1,010.2 miles to be exact. Yesterday morning, NYC reached the milestone figure with the painting of its latest lane in the Lower East Side along Clinton Street. In addition to this, the Department of Transportation announced that yet another 12 miles of protected lanes would be completed by the year’s end between West 14th Street and West 33rd Street. The number is above the city’s five-mile annual target, and the highest amount ever installed in any year. The news, a blessing to cyclists citywide, certainly supports the fact that New York is set on strengthening the cycling culture of the city—which has already been named by Bicycling Magazine as 2015’s best American city for bikes.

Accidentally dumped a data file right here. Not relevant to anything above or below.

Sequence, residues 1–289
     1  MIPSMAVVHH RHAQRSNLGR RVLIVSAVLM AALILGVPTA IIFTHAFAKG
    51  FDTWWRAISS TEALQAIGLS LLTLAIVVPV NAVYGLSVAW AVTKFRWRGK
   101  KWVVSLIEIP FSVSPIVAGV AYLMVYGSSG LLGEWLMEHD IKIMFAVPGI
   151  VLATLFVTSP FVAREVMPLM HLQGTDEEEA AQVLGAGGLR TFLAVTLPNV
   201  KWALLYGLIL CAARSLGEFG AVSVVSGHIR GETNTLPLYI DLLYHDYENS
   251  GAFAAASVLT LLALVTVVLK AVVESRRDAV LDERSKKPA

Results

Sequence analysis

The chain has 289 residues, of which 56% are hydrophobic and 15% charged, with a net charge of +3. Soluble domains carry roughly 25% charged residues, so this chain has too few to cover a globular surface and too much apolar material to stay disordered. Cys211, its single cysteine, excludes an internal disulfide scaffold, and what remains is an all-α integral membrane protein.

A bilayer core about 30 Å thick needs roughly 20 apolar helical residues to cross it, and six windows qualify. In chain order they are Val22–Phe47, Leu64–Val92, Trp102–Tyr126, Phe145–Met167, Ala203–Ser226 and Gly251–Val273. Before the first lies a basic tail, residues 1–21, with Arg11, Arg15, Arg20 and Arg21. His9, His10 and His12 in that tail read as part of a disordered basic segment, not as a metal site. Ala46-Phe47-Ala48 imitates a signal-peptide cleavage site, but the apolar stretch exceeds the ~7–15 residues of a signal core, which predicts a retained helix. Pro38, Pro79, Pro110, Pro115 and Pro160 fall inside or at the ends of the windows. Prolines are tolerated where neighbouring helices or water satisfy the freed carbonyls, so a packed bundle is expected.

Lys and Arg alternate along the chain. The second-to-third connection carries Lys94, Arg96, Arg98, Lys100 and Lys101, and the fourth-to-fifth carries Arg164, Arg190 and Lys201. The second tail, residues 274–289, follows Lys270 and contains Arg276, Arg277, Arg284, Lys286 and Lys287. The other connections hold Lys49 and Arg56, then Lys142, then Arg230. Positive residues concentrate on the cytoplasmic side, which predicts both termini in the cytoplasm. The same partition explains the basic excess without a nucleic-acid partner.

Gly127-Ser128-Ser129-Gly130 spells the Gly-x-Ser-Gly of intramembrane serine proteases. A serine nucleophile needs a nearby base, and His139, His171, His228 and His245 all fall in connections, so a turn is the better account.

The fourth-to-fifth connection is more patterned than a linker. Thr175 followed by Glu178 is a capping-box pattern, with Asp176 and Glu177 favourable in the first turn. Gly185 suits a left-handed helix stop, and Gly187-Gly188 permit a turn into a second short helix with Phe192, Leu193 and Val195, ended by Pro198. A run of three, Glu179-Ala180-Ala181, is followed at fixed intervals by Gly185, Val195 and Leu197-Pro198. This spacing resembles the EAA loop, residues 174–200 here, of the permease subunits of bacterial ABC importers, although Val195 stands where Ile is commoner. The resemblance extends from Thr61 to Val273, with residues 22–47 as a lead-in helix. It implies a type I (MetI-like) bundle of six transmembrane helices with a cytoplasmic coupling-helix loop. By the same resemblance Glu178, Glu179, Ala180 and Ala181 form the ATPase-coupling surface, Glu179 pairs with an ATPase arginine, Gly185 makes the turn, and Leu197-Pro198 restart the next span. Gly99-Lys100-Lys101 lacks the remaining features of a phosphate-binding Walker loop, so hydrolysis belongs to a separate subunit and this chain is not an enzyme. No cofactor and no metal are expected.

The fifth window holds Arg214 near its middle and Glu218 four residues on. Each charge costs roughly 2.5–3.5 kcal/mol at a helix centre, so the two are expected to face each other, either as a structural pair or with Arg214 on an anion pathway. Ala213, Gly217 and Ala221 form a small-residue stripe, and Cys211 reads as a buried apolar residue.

“Expanding and updating the bicycle network is an important step to achieving Mayor de Blasio’s goal of doubling bicycling in the city by 2020,” Transportation Commissioner Polly Trottenberg, who took over the position just nine months ago, said at a press conference yesterday.
The initiative to add more lanes came under the Bloomberg administration, which aggressively sought to bring them throughout all of the boroughs. Since 2007, according to the Post, 485 miles of lanes have been installed, or about 50 miles a year. Under de Blasio, the city has gotten another 77 miles of lane. The agency has a 50-mile annual goal, which includes both protected and unprotected lanes. Overall, more than one-third are protected lanes, using either concrete barriers or parked vehicles, and the highest concentration of lanes can be found in Manhattan.
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